Education and the myth of the correct solution
Suppose you have to solve a problem. An idea that frequently comes up next for me is that there is a correct, a perfect way of solving it. The associated image is one of a solution that is “out there” and just has to found. Obviously, this image has a paralyzing effect, because you can fail, by not finding the solution. That is, it stifles creativity. Ken Robinson has talked about how our education system often fosters this viewpoint. To illustrate, he mentions divergent thinking (the full talk is also available), coming up with as many and as diverse solutions as possible, one of the elements of creativity: A study revealed percentages of genius-level divergent thinking among test subjects. Ages 3-5 the percentage was 98%, ages 8-10 it was 32%, ages 13-15 it was 10%, and finally ages 25+ it was only 2%. Something happens that makes the divergent thinking go away. This is sad, as many of the problems modern society is faced with can only be solved by this kind of thinking.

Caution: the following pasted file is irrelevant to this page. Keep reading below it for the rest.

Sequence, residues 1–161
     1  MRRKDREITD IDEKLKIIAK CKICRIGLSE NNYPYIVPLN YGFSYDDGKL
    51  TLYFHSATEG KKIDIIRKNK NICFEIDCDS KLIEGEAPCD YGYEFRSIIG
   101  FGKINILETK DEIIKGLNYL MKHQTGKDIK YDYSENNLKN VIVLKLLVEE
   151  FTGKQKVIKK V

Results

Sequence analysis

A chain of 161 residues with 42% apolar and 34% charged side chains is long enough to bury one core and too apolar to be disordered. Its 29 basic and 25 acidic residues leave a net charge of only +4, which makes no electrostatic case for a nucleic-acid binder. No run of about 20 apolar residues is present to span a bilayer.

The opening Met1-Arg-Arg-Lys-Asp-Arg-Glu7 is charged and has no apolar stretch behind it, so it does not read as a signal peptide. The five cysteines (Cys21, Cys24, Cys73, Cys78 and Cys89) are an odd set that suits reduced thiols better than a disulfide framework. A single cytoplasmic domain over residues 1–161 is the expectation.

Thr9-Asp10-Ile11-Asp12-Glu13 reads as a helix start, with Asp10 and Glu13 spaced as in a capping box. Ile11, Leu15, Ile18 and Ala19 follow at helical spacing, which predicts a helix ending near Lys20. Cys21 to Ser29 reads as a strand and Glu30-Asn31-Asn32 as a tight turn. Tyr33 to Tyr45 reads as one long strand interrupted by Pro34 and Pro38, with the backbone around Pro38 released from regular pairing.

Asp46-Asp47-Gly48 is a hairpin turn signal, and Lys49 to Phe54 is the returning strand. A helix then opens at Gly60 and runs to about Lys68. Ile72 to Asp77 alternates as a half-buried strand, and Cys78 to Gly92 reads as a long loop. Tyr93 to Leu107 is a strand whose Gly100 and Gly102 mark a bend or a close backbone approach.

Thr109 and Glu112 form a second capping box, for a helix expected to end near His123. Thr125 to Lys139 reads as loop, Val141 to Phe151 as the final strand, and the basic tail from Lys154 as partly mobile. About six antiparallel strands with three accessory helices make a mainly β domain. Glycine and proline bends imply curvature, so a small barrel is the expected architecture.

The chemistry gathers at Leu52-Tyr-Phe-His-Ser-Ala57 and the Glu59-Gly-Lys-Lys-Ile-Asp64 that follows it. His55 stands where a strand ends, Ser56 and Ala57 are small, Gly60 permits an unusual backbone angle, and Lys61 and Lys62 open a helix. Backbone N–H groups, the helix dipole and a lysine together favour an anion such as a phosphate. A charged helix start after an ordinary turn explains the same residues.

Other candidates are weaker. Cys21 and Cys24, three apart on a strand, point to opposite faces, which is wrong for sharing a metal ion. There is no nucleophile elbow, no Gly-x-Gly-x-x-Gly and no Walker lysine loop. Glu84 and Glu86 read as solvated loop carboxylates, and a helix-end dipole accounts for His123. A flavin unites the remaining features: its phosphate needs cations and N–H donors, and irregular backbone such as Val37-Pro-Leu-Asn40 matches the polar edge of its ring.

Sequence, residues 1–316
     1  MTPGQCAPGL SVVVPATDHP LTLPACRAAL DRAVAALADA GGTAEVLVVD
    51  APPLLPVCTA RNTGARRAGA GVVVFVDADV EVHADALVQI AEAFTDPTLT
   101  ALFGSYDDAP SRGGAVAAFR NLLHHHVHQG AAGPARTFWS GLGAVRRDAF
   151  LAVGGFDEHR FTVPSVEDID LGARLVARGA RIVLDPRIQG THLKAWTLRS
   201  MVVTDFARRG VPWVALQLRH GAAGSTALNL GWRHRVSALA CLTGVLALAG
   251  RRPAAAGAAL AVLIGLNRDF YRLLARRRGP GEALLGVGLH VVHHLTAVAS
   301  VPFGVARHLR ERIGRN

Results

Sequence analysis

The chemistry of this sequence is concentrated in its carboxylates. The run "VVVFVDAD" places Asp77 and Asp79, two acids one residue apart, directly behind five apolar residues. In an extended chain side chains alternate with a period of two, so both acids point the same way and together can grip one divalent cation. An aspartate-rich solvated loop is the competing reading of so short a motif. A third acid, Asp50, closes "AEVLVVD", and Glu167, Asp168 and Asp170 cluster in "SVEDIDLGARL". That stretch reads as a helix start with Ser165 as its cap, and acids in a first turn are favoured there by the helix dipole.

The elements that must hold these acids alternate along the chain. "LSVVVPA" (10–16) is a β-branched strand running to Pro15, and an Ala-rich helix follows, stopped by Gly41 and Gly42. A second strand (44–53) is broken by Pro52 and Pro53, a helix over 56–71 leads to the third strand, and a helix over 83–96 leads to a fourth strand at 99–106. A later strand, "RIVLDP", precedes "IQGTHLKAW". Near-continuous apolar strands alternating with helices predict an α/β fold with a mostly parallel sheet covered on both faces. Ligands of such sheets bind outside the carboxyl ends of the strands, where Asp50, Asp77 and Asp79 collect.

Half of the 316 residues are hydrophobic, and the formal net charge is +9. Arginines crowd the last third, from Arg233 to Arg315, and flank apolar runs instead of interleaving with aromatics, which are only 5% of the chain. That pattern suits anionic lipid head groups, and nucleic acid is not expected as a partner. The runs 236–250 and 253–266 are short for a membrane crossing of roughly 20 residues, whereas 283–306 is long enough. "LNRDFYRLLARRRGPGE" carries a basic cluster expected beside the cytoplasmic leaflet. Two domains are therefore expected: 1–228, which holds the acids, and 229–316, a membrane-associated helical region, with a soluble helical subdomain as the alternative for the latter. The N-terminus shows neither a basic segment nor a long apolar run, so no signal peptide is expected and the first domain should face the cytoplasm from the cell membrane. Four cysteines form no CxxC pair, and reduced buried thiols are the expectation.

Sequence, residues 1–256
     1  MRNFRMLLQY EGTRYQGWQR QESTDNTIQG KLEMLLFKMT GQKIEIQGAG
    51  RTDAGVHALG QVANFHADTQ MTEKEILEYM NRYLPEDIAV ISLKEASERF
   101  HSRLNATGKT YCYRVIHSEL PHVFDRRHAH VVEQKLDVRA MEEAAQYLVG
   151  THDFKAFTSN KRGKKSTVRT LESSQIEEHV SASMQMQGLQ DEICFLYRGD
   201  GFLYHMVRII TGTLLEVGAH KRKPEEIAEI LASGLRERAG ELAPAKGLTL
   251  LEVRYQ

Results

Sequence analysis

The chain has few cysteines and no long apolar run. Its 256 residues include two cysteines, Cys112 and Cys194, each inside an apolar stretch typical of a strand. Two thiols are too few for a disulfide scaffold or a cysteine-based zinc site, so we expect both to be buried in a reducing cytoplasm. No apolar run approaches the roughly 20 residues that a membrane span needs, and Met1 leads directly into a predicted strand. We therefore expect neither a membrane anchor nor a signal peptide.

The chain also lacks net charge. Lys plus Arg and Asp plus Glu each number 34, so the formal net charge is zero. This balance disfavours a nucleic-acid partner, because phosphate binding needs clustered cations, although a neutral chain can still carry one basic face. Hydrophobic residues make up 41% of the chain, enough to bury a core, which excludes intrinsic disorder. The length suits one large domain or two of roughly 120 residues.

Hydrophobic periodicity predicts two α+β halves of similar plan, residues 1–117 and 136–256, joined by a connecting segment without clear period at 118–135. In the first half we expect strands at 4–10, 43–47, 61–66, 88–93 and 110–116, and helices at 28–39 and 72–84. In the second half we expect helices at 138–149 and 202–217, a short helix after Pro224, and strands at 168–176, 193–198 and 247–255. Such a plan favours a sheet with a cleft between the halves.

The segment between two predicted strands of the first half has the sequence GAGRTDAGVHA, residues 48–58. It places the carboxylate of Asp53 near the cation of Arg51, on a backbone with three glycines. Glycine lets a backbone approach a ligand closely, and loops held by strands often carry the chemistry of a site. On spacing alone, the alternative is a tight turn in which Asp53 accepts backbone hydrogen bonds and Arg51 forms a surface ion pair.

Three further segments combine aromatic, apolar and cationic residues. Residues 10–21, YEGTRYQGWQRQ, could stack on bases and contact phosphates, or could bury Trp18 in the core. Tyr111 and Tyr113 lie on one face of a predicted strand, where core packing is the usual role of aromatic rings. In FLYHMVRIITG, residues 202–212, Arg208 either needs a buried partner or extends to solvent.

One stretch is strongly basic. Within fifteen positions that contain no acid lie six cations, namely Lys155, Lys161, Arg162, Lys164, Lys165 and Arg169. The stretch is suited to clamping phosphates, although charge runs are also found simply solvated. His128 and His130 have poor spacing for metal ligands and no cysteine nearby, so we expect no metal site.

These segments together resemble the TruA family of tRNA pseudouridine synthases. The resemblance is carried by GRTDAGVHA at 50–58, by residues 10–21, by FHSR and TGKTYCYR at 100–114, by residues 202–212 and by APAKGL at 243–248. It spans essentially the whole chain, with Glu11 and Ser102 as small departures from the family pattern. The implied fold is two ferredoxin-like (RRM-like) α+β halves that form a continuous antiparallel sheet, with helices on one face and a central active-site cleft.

Thus, I think it is better to replace the mental image of the perfect solution with one that involves creativity. One actually creates something new, that never has been done quite this way before and never will be afterward.